Hundreds of thousands of New York consumers are victimized by “predatory” debt-collection practices in which “debt buyers” flood the courts with unsubstantiated lawsuits and give inadequate legal warning to consumers in the hope that no one shows up to contest the claims, a new report by a consumer group said Monday.
The report by the New York City-based New Economy Project accused debt buyers of pursuing a strategy designed to overwhelm the court system and debtors without having to produce the documentation to back up their claims.
The advocacy group formed in 1995 said collection firms count on debtors not having attorneys and not contesting cases, so the debt buyer wins by default. It also asserted that the companies “systematically lie to the courts about key information that they do not in fact have.”
In particular, the group contended that the plaintiffs violate consumers’ rights to due process of law by failing to properly notify debtors that they are being sued, in what is known pejoratively as “sewer service.”
And it criticized the firms for relying on consumers’ fear and lack of legal sophistication to extract millions of dollars every year. In 2011 alone, debt buyers obtained $230 million in judgments against New Yorkers.
“They were winning because the people they were suing didn’t have any lawyers, didn’t know how to defend themselves, and often didn’t even know they were being sued,” said Claudia Wilner, staff attorney at New Economy Project.
The group called for stronger protections for consumers against frivolous and abusive debt-collection lawsuits, through a proposed new law, new state regulations, and better enforcement of existing laws that would require debt collectors to produce more documentation to prove their claims. Some of those have been tried successfully in other states, and in New York City.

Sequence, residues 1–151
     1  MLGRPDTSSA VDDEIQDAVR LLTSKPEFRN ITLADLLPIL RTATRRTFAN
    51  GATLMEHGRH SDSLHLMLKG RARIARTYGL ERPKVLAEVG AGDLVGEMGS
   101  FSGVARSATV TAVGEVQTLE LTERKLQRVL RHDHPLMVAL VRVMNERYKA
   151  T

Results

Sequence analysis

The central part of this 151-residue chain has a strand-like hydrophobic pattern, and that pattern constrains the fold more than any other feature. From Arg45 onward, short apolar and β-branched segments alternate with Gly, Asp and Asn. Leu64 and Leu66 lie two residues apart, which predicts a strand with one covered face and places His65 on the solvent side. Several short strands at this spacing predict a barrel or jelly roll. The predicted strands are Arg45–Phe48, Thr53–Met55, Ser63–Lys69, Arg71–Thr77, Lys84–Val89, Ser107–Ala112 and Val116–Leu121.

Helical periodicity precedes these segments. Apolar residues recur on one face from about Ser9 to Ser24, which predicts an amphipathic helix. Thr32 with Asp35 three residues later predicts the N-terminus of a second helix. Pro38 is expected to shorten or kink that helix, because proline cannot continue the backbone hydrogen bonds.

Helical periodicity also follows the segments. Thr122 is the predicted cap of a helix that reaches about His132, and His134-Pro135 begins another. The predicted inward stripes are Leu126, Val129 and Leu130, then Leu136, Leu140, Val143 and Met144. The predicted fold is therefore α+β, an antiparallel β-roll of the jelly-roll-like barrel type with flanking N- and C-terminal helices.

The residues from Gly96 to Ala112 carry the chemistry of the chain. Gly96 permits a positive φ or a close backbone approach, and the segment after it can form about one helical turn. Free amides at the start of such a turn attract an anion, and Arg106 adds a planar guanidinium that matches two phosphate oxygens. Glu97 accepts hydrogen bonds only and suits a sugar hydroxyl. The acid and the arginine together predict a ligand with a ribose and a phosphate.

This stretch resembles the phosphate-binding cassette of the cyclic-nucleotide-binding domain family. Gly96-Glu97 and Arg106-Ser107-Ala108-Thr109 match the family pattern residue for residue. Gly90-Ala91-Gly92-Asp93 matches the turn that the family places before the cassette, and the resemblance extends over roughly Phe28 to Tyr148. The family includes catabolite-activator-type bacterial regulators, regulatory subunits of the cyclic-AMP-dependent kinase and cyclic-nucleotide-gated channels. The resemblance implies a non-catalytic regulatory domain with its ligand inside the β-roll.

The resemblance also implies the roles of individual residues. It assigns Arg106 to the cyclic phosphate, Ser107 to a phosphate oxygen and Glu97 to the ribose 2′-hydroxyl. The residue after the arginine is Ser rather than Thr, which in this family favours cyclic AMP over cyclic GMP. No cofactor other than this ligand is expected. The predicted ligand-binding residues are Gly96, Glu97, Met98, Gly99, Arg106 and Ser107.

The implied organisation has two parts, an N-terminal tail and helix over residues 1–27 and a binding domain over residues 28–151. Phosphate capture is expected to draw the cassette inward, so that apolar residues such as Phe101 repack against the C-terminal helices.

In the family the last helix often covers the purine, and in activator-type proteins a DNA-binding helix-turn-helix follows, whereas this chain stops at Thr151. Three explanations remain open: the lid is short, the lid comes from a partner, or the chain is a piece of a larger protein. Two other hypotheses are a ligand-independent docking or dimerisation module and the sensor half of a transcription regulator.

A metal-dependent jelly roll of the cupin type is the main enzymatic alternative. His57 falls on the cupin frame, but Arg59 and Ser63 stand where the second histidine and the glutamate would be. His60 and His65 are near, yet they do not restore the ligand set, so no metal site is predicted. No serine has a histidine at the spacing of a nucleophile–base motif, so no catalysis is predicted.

“These are all straightforward steps that the court, regulators and their counterparts should take immediately to address these abuses,” said Susan Shin, another staff attorney for the nonprofit group, formerly known as the Neighborhood Economic Development Advocacy Project, or NEDAP.
In particular, the activists called for passage of the Consumer Credit Fairness Act, which would require debt buyers to provide more information before they can file lawsuits and seek default judgments. They would have to prove they own the debt and have a right to collect it, and would have to properly serve notice on consumers. It would also cut the amount of time for which debt collectors can go after consumers for past-due amounts from six to three years. The bill passed the Assembly several times, but not the State Senate.
“It would be great if we had this legislation,” said Vera A. Cedano, staff attorney at the Western New York Law Center. “I don’t see this issue going away any time soon.”
The report, titled “The Debt Collection Racket in New York,” takes aim at a growing industry. The number of debt-collection lawsuits in state courts has soared in the last decade, reaching 195,105 in 2011. That included nearly 9,000 in Buffalo City Court, or 76 percent of all civil filings there. More than half of all debt cases are filed by debt buyers, the report said.